MSF relies on the assessment of NDRAs, which are ultimately responsible for drugs used in the country, and its projects only use drugs that have been authorized by relevant national authorities. Secondly, MSF refers to the WHO list of pre-qualified drugs (see box).
However, to supply its projects, MSF may consider products and producers that are not yet included on the WHO list of pre-qualified products. For example, MSF treatment protocols use fixed-dose ARVs that are not yet pre-qualified by WHO, such as d4T/3TC/NVP. Decisions like this are based on MSF's own internal assessments, the third source of quality assurance used by MSF. These entail MSF pharmacists and external experts conducting a qualification process based on an assessment of both product dossiers and manufacturing sites10 on an ongoing basis. MSF does not grant blanket qualification for all the drugs that a given manufacturer produces; rather, each drug must be individually qualified. For example, MSF will not simply qualify Company A, but rather may qualify Company A's Drug X, but not its Drug Y.
10 MSF refers to WHO Good Manufacturing Practice (GMP) standards.
B. Registration status: Registration is granted by a country's NDRA for a given medicine from a given manufacturer, after the medicine has been evaluated on the basis of its efficacy, safety and quality. Once a drug has been registered, it can be marketed in the country. The NDRA is ultimately responsible for approving the use of any drug in its country. However, if MSF found a selected product was not registered, it asked for temporary authorization to import and use the drug and urged the company to apply for registration. Special drug-by-drug, import-by-import authorization requires extra time and administrative work. A more efficient and sustainable solution - and indeed the ultimate goal - is for the manufacturer to obtain registration for its product in the country.
Finally, it should be emphasized that registration of a drug is quite distinct from a patent on a drug, although it is a common mistake to confuse or equate the two. If a manufacturer's drug - whether generic or innovator - is deemed safe, efficacious and of quality, then an NDRA may choose to register it, whether or not there is a patent on the molecule in the country. Similarly, a patent office may grant a patent on the drug, even if the originator firm has not registered that drug in the country. In MSF's experience, governments have been hesitant to register a generic drug if there is a patent on it in the country, even if the generic version meets all the requirements for registration. (For additional information see the section below on patents).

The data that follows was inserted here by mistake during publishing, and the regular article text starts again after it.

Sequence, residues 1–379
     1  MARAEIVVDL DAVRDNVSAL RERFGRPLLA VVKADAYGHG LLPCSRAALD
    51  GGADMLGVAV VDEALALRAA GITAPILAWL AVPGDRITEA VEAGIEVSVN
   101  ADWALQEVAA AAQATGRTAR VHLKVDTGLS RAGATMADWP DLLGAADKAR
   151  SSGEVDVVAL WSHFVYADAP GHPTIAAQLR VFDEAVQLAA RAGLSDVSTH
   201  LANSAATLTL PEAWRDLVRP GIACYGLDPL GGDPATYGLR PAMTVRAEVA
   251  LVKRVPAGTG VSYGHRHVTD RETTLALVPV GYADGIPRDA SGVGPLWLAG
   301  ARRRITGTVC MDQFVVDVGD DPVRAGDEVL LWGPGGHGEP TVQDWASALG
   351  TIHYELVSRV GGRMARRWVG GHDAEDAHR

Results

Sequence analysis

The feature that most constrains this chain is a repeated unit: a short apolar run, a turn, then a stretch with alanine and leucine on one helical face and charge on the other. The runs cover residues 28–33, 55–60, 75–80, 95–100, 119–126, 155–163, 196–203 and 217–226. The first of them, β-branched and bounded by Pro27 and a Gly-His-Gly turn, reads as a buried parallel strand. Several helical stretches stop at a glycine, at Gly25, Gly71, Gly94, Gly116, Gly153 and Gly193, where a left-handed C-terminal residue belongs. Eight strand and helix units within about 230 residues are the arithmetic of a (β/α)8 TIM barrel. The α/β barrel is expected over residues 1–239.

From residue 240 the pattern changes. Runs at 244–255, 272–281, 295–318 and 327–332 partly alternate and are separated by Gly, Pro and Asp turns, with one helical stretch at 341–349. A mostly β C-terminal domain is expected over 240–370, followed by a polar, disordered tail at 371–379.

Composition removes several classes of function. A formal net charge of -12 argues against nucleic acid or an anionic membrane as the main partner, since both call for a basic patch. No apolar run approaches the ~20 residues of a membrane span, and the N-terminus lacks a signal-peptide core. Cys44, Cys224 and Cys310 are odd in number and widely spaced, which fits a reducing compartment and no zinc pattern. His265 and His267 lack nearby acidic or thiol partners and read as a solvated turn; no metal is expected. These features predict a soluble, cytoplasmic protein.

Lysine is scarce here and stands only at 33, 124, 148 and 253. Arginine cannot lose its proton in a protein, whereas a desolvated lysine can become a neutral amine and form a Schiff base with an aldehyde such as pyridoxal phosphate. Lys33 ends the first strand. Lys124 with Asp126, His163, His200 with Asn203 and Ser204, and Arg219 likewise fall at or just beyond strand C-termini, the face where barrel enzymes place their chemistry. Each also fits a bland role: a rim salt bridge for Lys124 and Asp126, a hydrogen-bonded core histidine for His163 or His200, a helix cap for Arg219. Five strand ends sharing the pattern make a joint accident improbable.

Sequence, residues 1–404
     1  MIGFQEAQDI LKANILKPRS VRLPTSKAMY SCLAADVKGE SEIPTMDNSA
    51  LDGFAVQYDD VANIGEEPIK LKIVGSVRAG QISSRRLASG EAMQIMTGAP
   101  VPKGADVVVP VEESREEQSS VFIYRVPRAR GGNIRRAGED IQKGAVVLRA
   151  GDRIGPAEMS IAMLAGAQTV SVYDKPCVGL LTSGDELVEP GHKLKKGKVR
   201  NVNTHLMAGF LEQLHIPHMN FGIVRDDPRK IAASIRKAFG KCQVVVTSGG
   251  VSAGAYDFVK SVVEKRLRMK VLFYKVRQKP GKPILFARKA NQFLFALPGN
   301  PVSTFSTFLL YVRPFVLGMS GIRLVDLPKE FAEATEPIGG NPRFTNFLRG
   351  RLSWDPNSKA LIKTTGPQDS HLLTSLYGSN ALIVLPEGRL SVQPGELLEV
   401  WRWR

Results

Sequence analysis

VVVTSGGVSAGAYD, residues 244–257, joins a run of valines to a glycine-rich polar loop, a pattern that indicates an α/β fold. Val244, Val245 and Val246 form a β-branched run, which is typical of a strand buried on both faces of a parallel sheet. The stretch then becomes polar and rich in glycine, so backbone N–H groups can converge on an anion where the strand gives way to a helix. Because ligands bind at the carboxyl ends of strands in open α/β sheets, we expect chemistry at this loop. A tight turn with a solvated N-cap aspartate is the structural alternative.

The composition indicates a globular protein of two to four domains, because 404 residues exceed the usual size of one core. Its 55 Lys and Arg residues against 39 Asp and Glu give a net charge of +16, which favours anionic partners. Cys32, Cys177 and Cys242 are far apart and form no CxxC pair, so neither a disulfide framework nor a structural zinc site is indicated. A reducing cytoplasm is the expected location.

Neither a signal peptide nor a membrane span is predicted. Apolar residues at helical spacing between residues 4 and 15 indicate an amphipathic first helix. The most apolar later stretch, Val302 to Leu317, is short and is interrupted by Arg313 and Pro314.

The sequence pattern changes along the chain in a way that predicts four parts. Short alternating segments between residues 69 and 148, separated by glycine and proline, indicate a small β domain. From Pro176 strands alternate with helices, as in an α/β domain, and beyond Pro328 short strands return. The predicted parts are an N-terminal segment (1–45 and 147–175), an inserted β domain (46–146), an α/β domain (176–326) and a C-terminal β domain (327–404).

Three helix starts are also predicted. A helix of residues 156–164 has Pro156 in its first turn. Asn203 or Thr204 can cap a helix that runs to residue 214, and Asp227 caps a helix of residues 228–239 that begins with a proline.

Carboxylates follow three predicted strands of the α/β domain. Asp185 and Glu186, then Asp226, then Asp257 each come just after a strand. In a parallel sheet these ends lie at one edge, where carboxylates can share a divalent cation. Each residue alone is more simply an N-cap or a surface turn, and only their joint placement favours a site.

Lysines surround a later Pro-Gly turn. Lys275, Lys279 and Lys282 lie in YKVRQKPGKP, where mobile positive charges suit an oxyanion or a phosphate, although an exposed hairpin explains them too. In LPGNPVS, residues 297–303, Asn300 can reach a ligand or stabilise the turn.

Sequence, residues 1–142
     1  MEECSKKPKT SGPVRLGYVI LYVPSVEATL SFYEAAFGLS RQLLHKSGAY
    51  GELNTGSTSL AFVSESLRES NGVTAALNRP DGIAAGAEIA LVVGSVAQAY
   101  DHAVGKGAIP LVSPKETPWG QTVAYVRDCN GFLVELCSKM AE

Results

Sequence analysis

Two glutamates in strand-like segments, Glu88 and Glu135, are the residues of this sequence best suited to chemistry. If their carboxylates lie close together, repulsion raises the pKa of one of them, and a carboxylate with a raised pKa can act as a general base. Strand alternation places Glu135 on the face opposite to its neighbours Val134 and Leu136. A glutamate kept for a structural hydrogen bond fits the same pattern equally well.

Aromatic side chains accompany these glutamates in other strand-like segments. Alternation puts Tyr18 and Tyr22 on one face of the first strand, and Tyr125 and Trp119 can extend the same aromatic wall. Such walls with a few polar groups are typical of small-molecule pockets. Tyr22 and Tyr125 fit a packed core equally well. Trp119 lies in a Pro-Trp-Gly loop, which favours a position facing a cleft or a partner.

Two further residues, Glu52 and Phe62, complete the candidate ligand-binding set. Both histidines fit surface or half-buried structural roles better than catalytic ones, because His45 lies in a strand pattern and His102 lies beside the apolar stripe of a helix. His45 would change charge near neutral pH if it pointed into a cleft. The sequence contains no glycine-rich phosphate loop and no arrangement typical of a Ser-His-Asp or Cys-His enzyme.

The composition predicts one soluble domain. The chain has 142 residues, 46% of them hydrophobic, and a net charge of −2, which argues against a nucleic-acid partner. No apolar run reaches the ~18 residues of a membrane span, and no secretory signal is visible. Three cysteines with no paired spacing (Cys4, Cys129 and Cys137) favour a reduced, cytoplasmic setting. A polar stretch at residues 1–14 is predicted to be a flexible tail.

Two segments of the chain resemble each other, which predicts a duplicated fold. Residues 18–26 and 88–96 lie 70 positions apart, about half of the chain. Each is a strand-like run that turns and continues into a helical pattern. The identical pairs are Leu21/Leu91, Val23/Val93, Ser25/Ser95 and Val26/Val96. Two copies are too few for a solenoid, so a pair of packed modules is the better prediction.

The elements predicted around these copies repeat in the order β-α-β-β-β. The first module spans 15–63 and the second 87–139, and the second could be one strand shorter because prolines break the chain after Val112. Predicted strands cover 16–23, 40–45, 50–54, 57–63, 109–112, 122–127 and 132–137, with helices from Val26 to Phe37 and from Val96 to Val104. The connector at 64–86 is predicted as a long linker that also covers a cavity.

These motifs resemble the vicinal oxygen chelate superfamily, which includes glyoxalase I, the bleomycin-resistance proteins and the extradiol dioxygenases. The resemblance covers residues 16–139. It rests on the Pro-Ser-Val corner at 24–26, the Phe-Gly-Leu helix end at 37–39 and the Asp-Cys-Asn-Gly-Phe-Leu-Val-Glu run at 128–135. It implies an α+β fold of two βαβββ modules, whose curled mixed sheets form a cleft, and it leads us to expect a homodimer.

Differential pricing and the paradox of Middle-Income Countries
While nearly all Least Developed and sub-Saharan countries are eligible for differential pricing from originator companies, the system is far more haphazard for those developing countries not included in the LDCs category. Only Merck and Roche have publicized prices for some of these countries: Merck's prices are valid for the United Nations Development Programme's (UNDP's) Medium Human Development Countries, and Roche has discounts for Lower-Middle Income countries, as defined by the World Bank. Also, the eligibility criteria and conditions attached to the price offers make the purchase of these drugs quite complex. For example, private institutions are often excluded from the offers, and sometimes programmes have to be certified by a third-party before discounts will be granted. Middle-Income Countries may find it simpler to deal with generic companies, because all developing countries are able to access their offers.
C. Prices: When gathering price information, MSF compares local and international prices from both originator and generic manufacturers. In-country distributors often did not offer the prices or discounts publicized internationally by generic or originator companies. Frequently, in order to access the best price, MSF had to contact the companies' headquarters directly, either to arrange for better prices with the local distributor, or to import directly from headquarters.
Also, price offers often came with other requirements or conditions, such as eligibility criteria for a country or type of institution; transport and insurance costs (incoterms); and/or minimal quantities stipulated to obtain the price offer. See more on conditions of offers in box opposite.
In situations where there is more than one quality source, tenders among manufacturers are a useful tool for fostering further competition, particularly with large quantity purchases. It should be noted that buying drugs once from an originator company does not preclude the buyer from also purchasing generic versions of that same drug, or from using generic prices as a bargaining tool.
In addition to competition, negotiation with producers and distributors can also yield price reductions. The lowest prices offered internationally should always be used as a basis for negotiations with companies at national level. In some countries, MSF was able to get even better prices than those offered internationally by negotiating with the distributor. For example, while Cipla's best international price on the FDC d4T/3TC/NVP is US$304, MSF buys this drug for US$288 in Malawi and US$277 in Cameroon. Providing forecasts about future drug needs to suppliers can also bring down prices because the unpredictability of orders is a challenge for them. However, during the start-up phase of a treatment programme, it is difficult to anticipate the exact long-term needs because of unanswered questions about increasing numbers of patients, changes of protocols, and when patients will need to switch to a second-line treatment.